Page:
Access to affordable, reliable energy delivered the prosperity Canadians enjoy today. How we will maintain that foundation, or at least avoid materially damaging it, is the most important conversation we haven’t had in this election to date. The progressive parties, with their ill-defined plans to “invest in green technology” have provided plenty of reasons for Canadians to be very wary of the future they promise.

Why environmentalists and policymakers should read auto mags

I’m not sure what environmentalists and policymakers read in their spare time but I’d like to suggest they could do worse than read the odd car magazine. I’ve been reading them for years and have found them to be a window into emerging social trends, technologies and how government and industry can work together to improve the lives of ordinary citizens. For example, I first heard about cell phone technology in Road & Track. Other auto publications have helped expand my knowledge of recycling, energy use and pollution control – and all while being entertained.

The auto industry is often vilified by people who are passionate about living in a more environmentally and socially responsible way. For some, the car is a symbol of everything that is wrong with our modern industrial culture. There is no denying that private vehicles, for all the economic, convenience, and other benefits they provide, also impose a significant burden on the planet’s finite resources. And car accidents claim lives or leave people permanently injured, serious social and economic costs. Still, though, the car genie is long out of the bottle and won’t be put back soon, or easily, so we really have to be clever about how we live with the genie now and in the future.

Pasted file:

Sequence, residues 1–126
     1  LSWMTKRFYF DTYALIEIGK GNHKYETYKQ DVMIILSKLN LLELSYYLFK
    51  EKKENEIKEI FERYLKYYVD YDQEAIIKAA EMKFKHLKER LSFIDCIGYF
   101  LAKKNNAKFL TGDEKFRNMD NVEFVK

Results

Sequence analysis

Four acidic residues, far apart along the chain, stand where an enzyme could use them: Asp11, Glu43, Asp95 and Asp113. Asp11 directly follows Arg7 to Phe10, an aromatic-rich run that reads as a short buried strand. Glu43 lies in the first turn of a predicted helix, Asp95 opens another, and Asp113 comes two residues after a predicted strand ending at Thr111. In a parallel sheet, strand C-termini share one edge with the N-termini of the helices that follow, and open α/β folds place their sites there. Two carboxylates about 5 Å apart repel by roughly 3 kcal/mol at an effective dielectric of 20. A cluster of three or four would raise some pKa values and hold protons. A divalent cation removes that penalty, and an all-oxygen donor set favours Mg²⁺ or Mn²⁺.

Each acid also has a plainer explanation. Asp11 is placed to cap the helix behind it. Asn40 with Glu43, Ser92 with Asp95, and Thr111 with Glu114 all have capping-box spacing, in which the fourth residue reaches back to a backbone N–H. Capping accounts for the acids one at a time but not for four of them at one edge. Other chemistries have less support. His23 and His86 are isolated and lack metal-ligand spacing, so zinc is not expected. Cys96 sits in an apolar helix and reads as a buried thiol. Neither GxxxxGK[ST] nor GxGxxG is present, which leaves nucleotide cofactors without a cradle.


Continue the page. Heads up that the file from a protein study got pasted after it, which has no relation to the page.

The car was born of ingenuity, coincident technological developments and entrepreneurial spirit. The industry’s early and rapid growth and its ascension to a place of prominence in our modern economy bear testimony to the power of capitalism and free markets. Automobiles directly or indirectly transformed everything, from the physical landscape to how we live, work and play. Over time, and as vehicle ownership and use became pervasive, some of the negative aspects, e.g., tailpipe emissions or safety concerns, became more and more apparent and less and less tolerable.

Even if you view the car as a problem and an impediment to realizing a safer, greener world, there are valuable lessons to be learned from our now century-plus relationship with it. Over the past 40-50 years, the industry and its products have been transformed. This was achieved by identifying specific targets and then enacting regulations that forced automakers to respond. For example, tailpipe emissions of various gases and particulates have been dramatically reduced in response to California-led legislation that over the years established ever more stringent standards.  The smog over Los Angeles and other major urban centres – a visible manifestation of auto use – was the catalyst for massive, positive change. The US Environmental Protection Agency reports “…emissions from a new car purchased today are well over 90 percent cleaner than a new vehicle purchased in 1970.” Even with more vehicles on the road, the total environmental burden for specific emissions is lower. http://www.epa.gov/airquality/peg_caa/carstrucks.html